Keywords: lock-in, merger simulation, mobile telephony, nested logit, network effects
    JEL: L13 L43 L93
    Date: 2007–09
  9. By: Omar Licandro; Antonio Navas-Ruiz
    Abstract: The aim of this paper is to understand whether international trade may enhance innovation and growth through an increase in competition. We develop a two-country endogenous growth model, both countries producing the same set of goods, with firm specific R&D and a continuum of oligopolistic sectors under Cournot competition. Since countries produce the same set of goods, trade openness makes markets more competitive, reducing prices and raising the incentives to innovate. More general, a reduction on trade barriers enhances growth by reducing domestic firms' market power.
    Keywords: Trade openess, competition and growth, R&D
    JEL: F13 F43 O3
    Date: 2007
  10. By: Nicholas Economides (Stern School of Business, NYU); V. Brian Viard (Graduate School of Business, Stanford University); Katja Seim (Stanford University)
    Abstract: In this paper, we evaluate the consumer welfare effects of entry into residential local phone service in New York State. Residential local phone service competition was an important goal of the 1996 Telecommunications Act. We provide a detailed evaluation of its effects on consumer welfare using household-level data on service choices from the third quarter of 1999 to the first quarter of 2003. Our results indicate that as a result of entry households that subscribe to one of the entrants' services gain on average an equivalent of $2.33 per month in overall welfare from local telecommunications services, or 6.2% of the households' average bill. Averaged across all households including those that remain with the incumbent, households gain the equivalent of $0.83 per month, although benefits vary dramatically across households. Since residential local phone service is sold under a menu of nonlinear tariffs, we develop a method for estimating a mixed discrete/continuous demand model. The econometric model incorporates the simultaneity of the discrete plan and continuous consumption choices by consumers. We allow for flat-rate plans, bundling of services, and unobservable firm quality. Taking advantage of the detailed nature of the data, we decompose the households' overall gains from entry and find that benefits due to firm differentiation and new plan introductions exceed those from price effects.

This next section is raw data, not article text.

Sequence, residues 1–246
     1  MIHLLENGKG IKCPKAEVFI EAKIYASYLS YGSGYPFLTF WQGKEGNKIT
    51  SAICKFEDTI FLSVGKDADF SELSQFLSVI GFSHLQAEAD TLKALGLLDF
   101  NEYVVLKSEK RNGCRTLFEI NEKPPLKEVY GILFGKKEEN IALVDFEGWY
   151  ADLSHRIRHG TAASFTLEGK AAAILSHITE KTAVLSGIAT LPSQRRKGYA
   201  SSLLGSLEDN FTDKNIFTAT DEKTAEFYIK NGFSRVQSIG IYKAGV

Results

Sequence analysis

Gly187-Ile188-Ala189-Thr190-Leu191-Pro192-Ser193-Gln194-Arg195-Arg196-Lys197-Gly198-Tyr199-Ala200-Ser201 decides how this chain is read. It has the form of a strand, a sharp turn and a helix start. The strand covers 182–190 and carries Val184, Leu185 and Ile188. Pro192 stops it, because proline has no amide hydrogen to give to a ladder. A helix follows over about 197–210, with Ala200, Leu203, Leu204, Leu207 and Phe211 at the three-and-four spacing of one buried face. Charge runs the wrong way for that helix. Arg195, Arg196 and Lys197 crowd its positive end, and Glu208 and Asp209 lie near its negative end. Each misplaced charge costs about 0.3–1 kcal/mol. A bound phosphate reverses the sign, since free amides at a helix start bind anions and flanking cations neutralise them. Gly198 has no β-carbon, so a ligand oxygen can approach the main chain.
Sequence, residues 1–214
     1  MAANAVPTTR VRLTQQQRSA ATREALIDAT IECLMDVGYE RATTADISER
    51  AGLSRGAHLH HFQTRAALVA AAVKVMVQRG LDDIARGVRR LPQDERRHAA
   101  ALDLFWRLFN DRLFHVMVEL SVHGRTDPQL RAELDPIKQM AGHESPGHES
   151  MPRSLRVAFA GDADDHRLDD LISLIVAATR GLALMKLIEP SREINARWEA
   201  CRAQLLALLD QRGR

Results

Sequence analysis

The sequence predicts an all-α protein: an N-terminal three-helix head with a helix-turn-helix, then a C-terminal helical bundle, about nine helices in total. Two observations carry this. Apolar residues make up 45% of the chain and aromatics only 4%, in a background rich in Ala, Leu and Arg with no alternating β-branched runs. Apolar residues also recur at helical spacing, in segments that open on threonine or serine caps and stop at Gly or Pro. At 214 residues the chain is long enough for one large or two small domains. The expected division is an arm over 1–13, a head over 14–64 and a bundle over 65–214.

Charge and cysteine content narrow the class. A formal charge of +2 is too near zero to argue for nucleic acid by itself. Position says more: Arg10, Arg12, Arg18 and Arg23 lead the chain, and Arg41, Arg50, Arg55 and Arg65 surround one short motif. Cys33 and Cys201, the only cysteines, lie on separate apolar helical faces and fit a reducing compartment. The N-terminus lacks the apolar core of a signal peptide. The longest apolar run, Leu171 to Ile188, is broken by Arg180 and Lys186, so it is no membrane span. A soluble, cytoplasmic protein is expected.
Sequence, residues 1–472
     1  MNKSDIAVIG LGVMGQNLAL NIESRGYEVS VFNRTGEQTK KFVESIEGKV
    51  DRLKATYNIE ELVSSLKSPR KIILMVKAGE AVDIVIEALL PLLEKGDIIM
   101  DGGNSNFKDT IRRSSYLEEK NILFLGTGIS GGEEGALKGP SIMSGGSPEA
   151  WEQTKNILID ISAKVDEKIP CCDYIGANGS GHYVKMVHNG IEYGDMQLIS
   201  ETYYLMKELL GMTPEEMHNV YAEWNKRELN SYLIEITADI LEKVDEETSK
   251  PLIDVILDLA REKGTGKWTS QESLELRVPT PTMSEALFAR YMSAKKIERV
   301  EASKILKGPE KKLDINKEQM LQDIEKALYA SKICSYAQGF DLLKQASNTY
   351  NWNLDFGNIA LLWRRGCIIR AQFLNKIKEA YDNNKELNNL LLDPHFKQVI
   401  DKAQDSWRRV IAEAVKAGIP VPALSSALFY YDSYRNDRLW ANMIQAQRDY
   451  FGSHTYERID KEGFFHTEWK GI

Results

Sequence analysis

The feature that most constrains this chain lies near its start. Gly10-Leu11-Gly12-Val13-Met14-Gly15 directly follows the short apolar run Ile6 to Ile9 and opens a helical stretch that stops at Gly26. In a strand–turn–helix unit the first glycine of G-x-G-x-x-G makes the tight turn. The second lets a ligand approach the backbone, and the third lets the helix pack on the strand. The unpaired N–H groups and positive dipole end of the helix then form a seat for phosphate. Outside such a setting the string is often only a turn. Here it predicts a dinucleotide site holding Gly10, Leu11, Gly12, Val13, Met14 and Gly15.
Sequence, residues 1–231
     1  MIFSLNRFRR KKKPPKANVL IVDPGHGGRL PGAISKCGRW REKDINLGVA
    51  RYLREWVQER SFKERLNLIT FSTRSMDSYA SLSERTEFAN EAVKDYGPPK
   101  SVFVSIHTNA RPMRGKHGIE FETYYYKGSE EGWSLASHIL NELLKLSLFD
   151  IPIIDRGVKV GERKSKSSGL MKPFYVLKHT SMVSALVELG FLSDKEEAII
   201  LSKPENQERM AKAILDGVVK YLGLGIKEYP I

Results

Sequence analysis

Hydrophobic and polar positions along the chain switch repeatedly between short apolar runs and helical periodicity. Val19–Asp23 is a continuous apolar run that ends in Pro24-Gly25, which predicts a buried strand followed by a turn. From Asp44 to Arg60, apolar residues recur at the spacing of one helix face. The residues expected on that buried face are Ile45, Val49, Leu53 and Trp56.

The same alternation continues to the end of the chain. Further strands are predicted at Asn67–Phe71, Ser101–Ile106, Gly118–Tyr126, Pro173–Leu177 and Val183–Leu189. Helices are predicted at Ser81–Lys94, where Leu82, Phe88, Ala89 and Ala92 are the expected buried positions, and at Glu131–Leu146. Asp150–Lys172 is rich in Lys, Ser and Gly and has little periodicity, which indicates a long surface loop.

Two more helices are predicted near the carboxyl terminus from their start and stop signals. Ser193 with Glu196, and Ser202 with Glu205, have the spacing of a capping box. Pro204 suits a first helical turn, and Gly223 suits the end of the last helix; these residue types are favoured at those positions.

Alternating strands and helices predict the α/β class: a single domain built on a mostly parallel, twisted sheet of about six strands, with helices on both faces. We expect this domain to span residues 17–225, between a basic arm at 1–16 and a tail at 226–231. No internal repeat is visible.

Keywords: Entry, Nonlinear Pricing, Telecommunications, Discrete/Continuous Demand
    JEL: D43 K23 L11 L13 L96
    Date: 2007–10
  11. By: Silva, Maria; Leitão, João; Raposo, Mário
    Abstract: This paper aims to identify the barriers to innovation that influence the innovation capability of Portuguese industrial firms. The literature review about innovation makes use of two references approaches: (i) the systemic; and (ii) the networks and inter-organizational relationships. The database is obtained through the Community Innovation Survey II (CIS II) conducted by EUROSTAT. Furthermore, from the results several public policies are proposed in order to overcome the restraining factors of the entrepreneurial innovative capability.
    Keywords: Innovation; Entrepreneurial Innovative Capability.
    JEL: O38 O31
    Date: 2007–10–23
  12. By: Nikolaos Georgantzis (LEE/LINEEX, Universitat Jaume I and University of Cyprus); Enrique Fatas (LINEEX and Applied Economics Department, University of Valencia); Carlos Gutierrez-Hita (Elx University); Aitor Ciarreta
    Abstract: We present experimental results from a series of sessions organized using the Power Market simulator; a software designed to realistically replicate the Spanish Electricity Market. In the experiments reported here we compare the status quo to two alternative treatments which represent alternative market structures. In one of them, labeled as vertical separation, we assume that power generating firms and electricity distributors-endsuppliers belong to separate business groups. In the second, we study the effect of entry by independent end-suppliers. Both alternative scenarios dominate the status quo in terms of market efficiency, whereas the latter of them dominates the former.